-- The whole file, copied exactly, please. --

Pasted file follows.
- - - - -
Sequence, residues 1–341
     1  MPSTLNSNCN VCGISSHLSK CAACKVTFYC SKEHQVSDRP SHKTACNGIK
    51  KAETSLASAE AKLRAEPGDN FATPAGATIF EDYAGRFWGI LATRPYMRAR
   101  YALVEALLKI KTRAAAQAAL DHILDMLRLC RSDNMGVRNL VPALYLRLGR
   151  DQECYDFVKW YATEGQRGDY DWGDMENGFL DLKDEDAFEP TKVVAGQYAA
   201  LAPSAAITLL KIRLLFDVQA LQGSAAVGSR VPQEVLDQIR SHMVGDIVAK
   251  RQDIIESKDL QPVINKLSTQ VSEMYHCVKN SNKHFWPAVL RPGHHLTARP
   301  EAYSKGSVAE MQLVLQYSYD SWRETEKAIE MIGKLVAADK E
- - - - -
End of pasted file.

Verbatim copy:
Sequence, residues 1–341
     1  MPSTLNSNCN VCGISSHLSK CAACKVTFYC SKEHQVSDRP SHKTACNGIK
    51  KAETSLASAE AKLRAEPGDN FATPAGATIF EDYAGRFWGI LATRPYMRAR
   101  YALVEALLKI KTRAAAQAAL DHILDMLRLC RSDNMGVRNL VPALYLRLGR
   151  DQECYDFVKW YATEGQRGDY DWGDMENGFL DLKDEDAFEP TKVVAGQYAA
   201  LAPSAAITLL KIRLLFDVQA LQGSAAVGSR VPQEVLDQIR SHMVGDIVAK
   251  RQDIIESKDL QPVINKLSTQ VSEMYHCVKN SNKHFWPAVL RPGHHLTARP
   301  EAYSKGSVAE MQLVLQYSYD SWRETEKAIE MIGKLVAADK E